Years ago, a friend and I stood on a mountain crest located on the Cumberland Plateau. Before us were broad grassy meadows, created from land that had been strip-mined. Although major damage had been done to the land through clear-cutting of timber and strip-mining, reclamation was producing positive results. The meadows were pleasing to the eye and the animal we saw near the edge of the meadow greatly enhanced the view.
When the first Europeans arrived on the North American continent, they found a land with abundant natural resources. In biblical terminology, it might have been described as a "land flowing with milk and honey." Unfortunately, these resources were not managed in a wise, considerate way. All the major resources, including water, forest, grasslands, animals, etc., were badly used and abused. You might say that most, if not all, of the flora and fauna were grossly mismanaged. Why did it happen this way? It happened because the overall motivation was one of selfishness and greed! God's way of "give"—that is loving your neighbor as yourself—was not practiced. Instead, the human way of "get"—the way of self-interest regardless of the cost—was followed.
From the beginning, God instructed mankind in the proper care of His environment. In Genesis 2:15, we read "and the Lord God took the man and put him in the garden of Eden to dress it and to keep it." Notice it was a garden, a place of beauty and fertility. However, dressing it and caring for it would enhance and maintain the beauty, fertility and value. Sadly, mankind ignored the instructions concerning dressing and keeping the land, along with other instructions from God. As a result, the land, plant and animal life, and mankind itself, have all suffered.
Can people take care of their environment? Can they be good stewards of the land and other resources? Yes they can, if they practice the way of love toward God and love toward neighbor and reject the harmful way of indulgent self-interest that ultimately isn't good for "self" or anyone else!
Damage that has been done to the environment and renewable resources can be undone or at least repaired in part. The scene I described at the beginning is evidence of this. The animal my friend and I saw at the edge of the meadow was an elk. They had been hunted to extinction in this area over 150 years ago. Recently, elk have been reintroduced to the area and appear to be doing well. The reclaimed land that had been clear-cut and strip-mined helps provide a suitable habitat for them.
Oak trees are now the predominant hardwoods in the Appalachians and the surrounding area. Why is this noteworthy? One reason is, until the twentieth century, the American chestnut was predominant. It was an outstanding resource widely used as a very durable building material, and the nuts were excellent food for both humans and animals. Regrettably, blight destroyed almost 100 percent of the American chestnut trees in the period between 1900 and 1950.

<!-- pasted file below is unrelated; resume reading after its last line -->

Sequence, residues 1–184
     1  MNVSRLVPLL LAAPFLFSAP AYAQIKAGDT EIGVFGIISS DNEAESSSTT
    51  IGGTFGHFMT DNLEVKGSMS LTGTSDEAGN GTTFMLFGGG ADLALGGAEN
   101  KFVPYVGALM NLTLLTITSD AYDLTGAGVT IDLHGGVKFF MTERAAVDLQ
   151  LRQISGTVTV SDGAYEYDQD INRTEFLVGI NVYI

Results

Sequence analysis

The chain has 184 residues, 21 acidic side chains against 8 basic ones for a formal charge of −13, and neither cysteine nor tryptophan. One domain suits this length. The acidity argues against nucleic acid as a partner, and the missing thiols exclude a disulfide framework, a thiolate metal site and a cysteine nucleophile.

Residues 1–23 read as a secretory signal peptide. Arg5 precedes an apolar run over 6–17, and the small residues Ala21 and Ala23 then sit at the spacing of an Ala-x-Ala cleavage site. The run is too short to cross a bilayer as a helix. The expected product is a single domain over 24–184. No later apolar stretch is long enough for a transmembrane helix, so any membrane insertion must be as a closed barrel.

The chestnut was a magnificent tree that could live up to four or five hundred years. Many chestnuts were eight feet or more in diameter and well over 100 feet tall. As a boy, I remember a few of these great trees still standing, but already dead. I played in hollow chestnut stumps that were five to six feet in diameter. Once, in the Great Smoky Mountains, I came upon a chestnut stump that was almost nine feet in diameter at ground level. What a shame they disappeared from the landscape. Currently, there is an ongoing effort to restore this native tree in portions of its former range. However, the progress is slow and may not be successful.
The blight that devastated the American chestnuts probably originated with trees imported from the Orient. Although not intentional, the introduction of this blight produced very negative consequences that still impact us today. The lesson is, as a society, we need to be much more aware of our responsibility in protecting our environment and resources that we have. Neglecting our responsibilities will be a scenario for future disasters.
In general, mankind has always shown the proclivity to abuse and misuse the natural resources and to pollute the environment. They have done this with little or no thought for the present, much less the future. However, a change is coming—a change generated by the return of Jesus Christ. Revelation 11:18 tells us that when Christ returns, He will destroy those that destroy the earth. (Read our encouraging Tomorrow's World magazine article "How will the Earth Be Restored?")
In Acts 3:19–21 we read about a restitution or restoring of all things after Christ's return. Then, waste places and deserts will become like the Garden of Eden (Isaiah 51:3). Finally, human beings will listen to God, their Creator, and do what they should have done from the beginning. That is, to "dress and keep the garden." When this is done, it will be a blessing to mankind and all creation.
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